“Forced Migration” of British Convicts in Australia

Once upon a time, the concept of an Australian nation was nonsensical until 1 January 1901 when the Commonwealth of Australia was born. For a long time, Australia was a British colony. But its genesis as a colony was not intended for the British colonizers to explore raw materials for the benefit of the British…

The Royal Tombs: The Legacy of the Nguyen Dynasty (Tu Duc)

Earlier, I wrote about the Royal Tombs of Minh Mang and Khai Dinh. You may read the post here. In this post, I highlight our journey to Tu Duc’s Tomb. Nonetheless, the visit to Tu Duc’s was not really an intended one. After visiting Minh Mang and Khai Dinh tombs, we wanted to see next Gia…

Amsterdam: An Urban Center Dependent on the Waters

Many European cities such as Venice, Brugge, Gent, Paris, ​and Amsterdam are entwined with water. A lot of these magnificent cities are twinned with man-made canals, leading to rivers and onto the sea. Of these European cities, Amsterdam is exemplary, in such a way that its canals are significant to the city’s economic development. At…

Historic Centre of Macao and How it “Changed” Me

Macao has a very special place in my heart. My dad used to be an Overseas Filipino Worker (OFW) for about six years. As the eldest of five siblings, I had the responsibility of joining him in familial celebrations such as Christmas and even Holy Week. Sometime in 2006, I even stayed there for about…

Baroque Churches in the Philippines: 500 Years of Christianity (Part 2 of 3)

In an earlier post about the UNESCO World Heritage Sites (WHS) collectively named the Baroque Churches in the Philippines, I have discussed the impact of Hispanic colonialism in Philippine culture. In particular, I was pertaining to how Catholicism influenced the everyday life of the Filipino people. I also described how the Church through the Hispanic…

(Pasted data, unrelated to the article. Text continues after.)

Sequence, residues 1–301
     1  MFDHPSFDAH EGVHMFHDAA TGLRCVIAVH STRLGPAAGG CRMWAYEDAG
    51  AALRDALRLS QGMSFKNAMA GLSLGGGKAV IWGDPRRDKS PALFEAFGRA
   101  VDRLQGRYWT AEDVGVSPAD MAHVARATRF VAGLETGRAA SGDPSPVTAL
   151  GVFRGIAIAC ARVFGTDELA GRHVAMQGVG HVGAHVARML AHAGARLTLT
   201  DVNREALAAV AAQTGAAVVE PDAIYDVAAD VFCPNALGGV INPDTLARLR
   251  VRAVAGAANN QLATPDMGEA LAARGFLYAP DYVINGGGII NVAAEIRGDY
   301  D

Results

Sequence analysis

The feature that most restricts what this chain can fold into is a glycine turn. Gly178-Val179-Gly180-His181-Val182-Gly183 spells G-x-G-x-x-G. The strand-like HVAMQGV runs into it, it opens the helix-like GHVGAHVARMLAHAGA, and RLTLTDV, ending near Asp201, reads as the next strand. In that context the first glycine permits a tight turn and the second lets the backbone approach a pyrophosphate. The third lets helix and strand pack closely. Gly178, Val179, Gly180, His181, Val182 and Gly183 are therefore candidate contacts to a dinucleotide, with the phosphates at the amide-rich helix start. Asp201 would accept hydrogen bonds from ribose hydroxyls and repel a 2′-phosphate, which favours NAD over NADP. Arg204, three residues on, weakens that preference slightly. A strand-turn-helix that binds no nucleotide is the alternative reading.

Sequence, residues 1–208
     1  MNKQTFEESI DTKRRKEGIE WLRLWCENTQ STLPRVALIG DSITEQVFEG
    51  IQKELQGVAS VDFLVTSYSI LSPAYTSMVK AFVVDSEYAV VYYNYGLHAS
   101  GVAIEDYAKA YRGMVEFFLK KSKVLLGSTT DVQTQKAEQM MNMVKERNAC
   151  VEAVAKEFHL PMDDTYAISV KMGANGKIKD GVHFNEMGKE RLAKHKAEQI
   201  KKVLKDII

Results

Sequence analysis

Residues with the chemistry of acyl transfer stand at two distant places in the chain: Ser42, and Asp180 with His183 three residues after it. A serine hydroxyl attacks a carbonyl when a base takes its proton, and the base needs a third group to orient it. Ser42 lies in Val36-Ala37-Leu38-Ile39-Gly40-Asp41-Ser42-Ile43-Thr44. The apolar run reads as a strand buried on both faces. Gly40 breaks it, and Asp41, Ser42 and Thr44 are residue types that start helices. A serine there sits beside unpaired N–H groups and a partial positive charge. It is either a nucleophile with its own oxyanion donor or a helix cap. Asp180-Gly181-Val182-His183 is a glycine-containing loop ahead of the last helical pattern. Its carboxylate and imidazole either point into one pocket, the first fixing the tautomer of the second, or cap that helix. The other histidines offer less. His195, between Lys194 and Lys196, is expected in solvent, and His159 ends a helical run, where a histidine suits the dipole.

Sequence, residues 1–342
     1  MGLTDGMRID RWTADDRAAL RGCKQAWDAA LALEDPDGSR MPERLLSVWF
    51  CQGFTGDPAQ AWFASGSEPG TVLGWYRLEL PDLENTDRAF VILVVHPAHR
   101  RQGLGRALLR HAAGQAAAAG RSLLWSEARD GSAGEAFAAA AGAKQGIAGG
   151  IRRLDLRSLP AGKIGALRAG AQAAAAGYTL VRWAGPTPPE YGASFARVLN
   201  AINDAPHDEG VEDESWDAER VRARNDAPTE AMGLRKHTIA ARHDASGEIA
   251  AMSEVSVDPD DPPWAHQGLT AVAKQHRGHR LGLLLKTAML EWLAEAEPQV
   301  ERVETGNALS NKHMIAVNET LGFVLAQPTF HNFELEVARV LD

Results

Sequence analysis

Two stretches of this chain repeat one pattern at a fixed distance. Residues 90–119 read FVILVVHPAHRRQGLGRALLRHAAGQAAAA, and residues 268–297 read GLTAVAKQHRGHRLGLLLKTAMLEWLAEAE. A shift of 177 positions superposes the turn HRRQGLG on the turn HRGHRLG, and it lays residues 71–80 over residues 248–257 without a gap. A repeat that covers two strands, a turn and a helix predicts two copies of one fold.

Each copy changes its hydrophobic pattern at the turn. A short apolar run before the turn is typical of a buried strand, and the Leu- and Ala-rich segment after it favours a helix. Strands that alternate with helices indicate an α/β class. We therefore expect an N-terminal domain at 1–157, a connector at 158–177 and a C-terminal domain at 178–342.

Baroque Churches in the Philippines: 500 Years of Christianity (Part 1 of 3)

On 21 March 1521, Portuguese explorer Ferdinand Magellan landed in the Visayas. Some say the landing was an accident. For others, the arrival of Magellan in Cebu was a necessary event in the history of the archipelago. Whatever perspective one believes, one thing is clear: Magellan’s arrival commenced the 333 years of divide et impera in…

Wealth, Power and Madness: Châteu de Versailles (Part 1 of 2)

Three things come to mind every time Versailles is mentioned: Louis XIV, Marie Antoinette and the Treaty of Versailles (1919). Connecting them are wealth, power and madness. During Louis XIV’s reign, France was a leading European superpower. France fought three major wars: the Franco-Dutch War, the War of the League of Augsburg, and the War…

Manila, Entangled!

This post is an excerpt from my book Buhol-Buhol/Entanglement: Contemporary Theatre in Metropolitan Manila (Bern et al: Peter Lang, 2017). ENTANGLEMENT is persistent in Manila’s historical narrative. Travel writer Pico Iyer has observed many contradictions in the city of Manila. For instance, he describes the gallery going to his hotel room as an extraordinary space since: “on…

Chhatrapati Shivaji Terminus, an Indian Architectural Wonder

Early July 2017, a colleague from the University of the Philippines Diliman passed on a daunting task of delivering a lecture on digital humanities in Mumbai, India. The task was terrifying but the thought of Mumbai was seductive. Mumbai is one of five Indian cities in my bucket list (the other cities: Delhi, Agra, Goa,…